Greg Lhamon | Feb 13, 2015 | 1
A Little Help, a Little Hope, and Someone to Believe in Him
“All kids need is a little help, a little hope, and somebody who believes in them.”
One of the radio stations I manage is an Urban Gospel station in St. Louis. For the past several months we’ve been planning a long-term initiative to address economic mobility in the African-American community. We’ve met with nearly a dozen financial institutions and civic organizations in preparation. We’re beginning to get excited about what we may be able to accomplish.
I am nearly always the sole caucasian in the room during these meetings. As such, I spend most of my time asking questions about a community to which I do not belong.
Yesterday we met with an African-American man who is a senior executive of a large regional bank. I’ll call him Stephen.
Stephen said, “Many of the problems with low-income folks are generational. Grandma was on food stamps and mom is on food stamps. So kids grow up thinking that that’s just what people do. We need to show them that there is a better way. We need to break the cycle. If we can do that, we can change a family for generations to come.”
“How do we do it?” I asked.
“That’s the big question, isn’t it? Education, mentoring, access to practical information. A major challenge for this community is that even when great opportunities present themselves, people don’t have others around them who can help. They need people they can to turn to for advice.”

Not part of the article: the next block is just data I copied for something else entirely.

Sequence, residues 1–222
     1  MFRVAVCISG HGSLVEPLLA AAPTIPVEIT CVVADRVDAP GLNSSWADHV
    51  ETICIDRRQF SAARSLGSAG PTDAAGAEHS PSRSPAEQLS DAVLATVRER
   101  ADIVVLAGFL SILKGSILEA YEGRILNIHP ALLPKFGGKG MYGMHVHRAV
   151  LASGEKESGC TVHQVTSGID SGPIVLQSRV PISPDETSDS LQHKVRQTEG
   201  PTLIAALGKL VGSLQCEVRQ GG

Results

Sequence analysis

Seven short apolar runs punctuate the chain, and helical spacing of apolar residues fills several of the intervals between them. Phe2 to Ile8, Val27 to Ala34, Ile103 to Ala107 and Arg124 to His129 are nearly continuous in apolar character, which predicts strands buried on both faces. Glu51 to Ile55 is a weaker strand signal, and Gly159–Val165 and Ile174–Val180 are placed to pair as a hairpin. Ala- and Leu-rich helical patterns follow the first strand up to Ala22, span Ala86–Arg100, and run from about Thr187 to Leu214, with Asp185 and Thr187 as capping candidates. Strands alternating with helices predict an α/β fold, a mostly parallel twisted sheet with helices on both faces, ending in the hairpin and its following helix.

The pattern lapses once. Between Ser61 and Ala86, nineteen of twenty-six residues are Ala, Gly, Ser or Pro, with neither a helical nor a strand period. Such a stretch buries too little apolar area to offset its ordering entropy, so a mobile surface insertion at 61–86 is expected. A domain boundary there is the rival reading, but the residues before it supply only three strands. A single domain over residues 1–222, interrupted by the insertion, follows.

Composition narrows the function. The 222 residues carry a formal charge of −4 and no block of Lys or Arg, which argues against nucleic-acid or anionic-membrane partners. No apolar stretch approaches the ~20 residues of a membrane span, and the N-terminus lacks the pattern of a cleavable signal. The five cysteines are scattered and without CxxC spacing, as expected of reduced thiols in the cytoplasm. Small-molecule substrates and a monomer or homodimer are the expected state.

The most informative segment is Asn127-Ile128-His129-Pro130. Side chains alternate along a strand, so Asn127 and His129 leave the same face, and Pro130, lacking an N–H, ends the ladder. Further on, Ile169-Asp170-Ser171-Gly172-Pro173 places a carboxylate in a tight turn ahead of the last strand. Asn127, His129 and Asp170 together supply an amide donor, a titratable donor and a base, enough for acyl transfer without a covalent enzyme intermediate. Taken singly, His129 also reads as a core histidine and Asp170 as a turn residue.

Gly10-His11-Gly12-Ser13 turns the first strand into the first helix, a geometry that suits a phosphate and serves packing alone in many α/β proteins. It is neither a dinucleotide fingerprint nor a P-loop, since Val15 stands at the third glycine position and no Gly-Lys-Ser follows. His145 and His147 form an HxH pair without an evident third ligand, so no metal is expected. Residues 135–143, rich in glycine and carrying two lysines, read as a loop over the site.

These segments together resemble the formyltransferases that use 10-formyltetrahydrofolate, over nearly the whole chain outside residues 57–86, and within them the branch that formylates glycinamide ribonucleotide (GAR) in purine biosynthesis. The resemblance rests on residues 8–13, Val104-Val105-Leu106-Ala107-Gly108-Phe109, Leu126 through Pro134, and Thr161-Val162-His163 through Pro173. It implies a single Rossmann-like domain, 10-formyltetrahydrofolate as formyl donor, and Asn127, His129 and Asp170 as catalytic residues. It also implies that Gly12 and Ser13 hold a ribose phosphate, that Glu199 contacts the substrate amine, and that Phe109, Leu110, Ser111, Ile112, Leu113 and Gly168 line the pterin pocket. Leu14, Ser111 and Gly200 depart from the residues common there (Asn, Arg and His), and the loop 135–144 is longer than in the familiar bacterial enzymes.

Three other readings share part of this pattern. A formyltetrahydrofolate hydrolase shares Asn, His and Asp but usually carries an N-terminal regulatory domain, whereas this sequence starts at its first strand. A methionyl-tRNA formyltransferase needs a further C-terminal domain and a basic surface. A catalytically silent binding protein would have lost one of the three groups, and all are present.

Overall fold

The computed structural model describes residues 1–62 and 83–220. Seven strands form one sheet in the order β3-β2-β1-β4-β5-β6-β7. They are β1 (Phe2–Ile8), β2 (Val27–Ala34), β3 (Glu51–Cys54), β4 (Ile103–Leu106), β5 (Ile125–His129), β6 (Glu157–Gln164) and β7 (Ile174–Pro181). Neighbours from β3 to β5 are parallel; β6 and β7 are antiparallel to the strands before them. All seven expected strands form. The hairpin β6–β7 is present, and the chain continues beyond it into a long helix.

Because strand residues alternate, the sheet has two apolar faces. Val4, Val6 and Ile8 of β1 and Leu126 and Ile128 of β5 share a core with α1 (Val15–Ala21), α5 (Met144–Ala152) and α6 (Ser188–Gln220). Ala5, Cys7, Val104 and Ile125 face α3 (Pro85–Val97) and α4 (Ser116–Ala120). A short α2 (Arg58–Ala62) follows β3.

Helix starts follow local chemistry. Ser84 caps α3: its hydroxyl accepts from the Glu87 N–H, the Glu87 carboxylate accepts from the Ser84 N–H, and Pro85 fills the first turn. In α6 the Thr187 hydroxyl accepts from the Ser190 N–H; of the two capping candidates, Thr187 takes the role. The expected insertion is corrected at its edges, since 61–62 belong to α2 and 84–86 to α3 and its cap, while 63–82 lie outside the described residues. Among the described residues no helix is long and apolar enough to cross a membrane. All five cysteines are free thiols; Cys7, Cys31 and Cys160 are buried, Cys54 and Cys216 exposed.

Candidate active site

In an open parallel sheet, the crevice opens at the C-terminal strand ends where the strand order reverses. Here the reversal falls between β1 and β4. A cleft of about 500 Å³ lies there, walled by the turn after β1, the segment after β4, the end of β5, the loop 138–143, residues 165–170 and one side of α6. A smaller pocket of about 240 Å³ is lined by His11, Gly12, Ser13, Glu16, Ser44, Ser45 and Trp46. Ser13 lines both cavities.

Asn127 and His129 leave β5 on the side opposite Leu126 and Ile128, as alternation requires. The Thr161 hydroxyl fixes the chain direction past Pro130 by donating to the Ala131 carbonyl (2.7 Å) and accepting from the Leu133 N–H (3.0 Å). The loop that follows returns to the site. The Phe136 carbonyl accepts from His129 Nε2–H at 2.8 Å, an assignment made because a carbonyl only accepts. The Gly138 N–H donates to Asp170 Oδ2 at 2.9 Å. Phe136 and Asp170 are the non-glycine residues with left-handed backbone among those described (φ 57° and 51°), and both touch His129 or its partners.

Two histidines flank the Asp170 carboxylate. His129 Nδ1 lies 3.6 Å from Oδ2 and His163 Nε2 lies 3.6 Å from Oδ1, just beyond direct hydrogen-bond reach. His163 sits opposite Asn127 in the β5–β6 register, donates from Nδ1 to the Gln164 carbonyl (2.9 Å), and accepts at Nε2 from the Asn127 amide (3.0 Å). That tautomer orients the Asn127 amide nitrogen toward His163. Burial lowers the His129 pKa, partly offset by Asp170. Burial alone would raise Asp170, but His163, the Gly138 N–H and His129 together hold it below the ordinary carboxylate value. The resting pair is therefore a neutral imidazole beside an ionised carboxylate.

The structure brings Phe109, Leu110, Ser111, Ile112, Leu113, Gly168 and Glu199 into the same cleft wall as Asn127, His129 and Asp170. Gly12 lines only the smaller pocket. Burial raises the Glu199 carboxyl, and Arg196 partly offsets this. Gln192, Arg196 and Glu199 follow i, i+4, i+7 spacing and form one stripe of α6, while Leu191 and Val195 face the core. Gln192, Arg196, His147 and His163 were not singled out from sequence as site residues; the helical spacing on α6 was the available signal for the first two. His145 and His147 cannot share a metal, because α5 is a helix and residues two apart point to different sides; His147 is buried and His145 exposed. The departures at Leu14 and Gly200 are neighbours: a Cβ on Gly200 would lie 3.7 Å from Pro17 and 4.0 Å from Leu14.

“Can you give me an example?”
“Sure. I’ll give you one from my family. My niece is a bright girl. Good student. She was offered a partial scholarship to Wash U.”
He was referring to Washington University here in St. Louis, a school known for providing students with an Ivy League level education at an Ivy League level price tag.
“No one in my niece’s immediate family has ever gone to college. So, none of them knew that if Wash U was offering a partial scholarship, chances were very good that other schools would offer her a full scholarship.”
“I get it,” I said.
“Thankfully I was able to counsel her. But many low-income kids don’t have an educated family member they can turn to for advice.”
“They don’t know what they don’t know,” I said. “I was in a similar situation when I was her age. I was the first person in my family — other than my uncle — to go to college. And if someone hadn’t intervened, I’m not sure I would’ve gone.”
“Yeah?” Stephen said. “How so?”
And so I told him my story, an abbreviated version of what follows.
It was midway through my senior year in high school. I was competing in a speech tournament at Bradley University in Peoria.
I was performing a humorous piece called, “The Forced Marriage,” a farce by French playwright Molière. In the midst of my performance, I heard this guy laughing louder than the rest of the room. It was a peculiar laugh, a mixture of guttural growls and high-pitched cackles that somehow came together in an impossible atonal tone.
I finished my performance and looked to see who the cackler was. I recognized him, though I’d never before spoken to him. It was George Armstrong, the coach of the multiple National Championship winning Bradley University Speech Team.
When the round was over, I left the room and stepped into the hallway. I heard a booming voice yell, “Lhamon!”
I turned to see George walking toward me.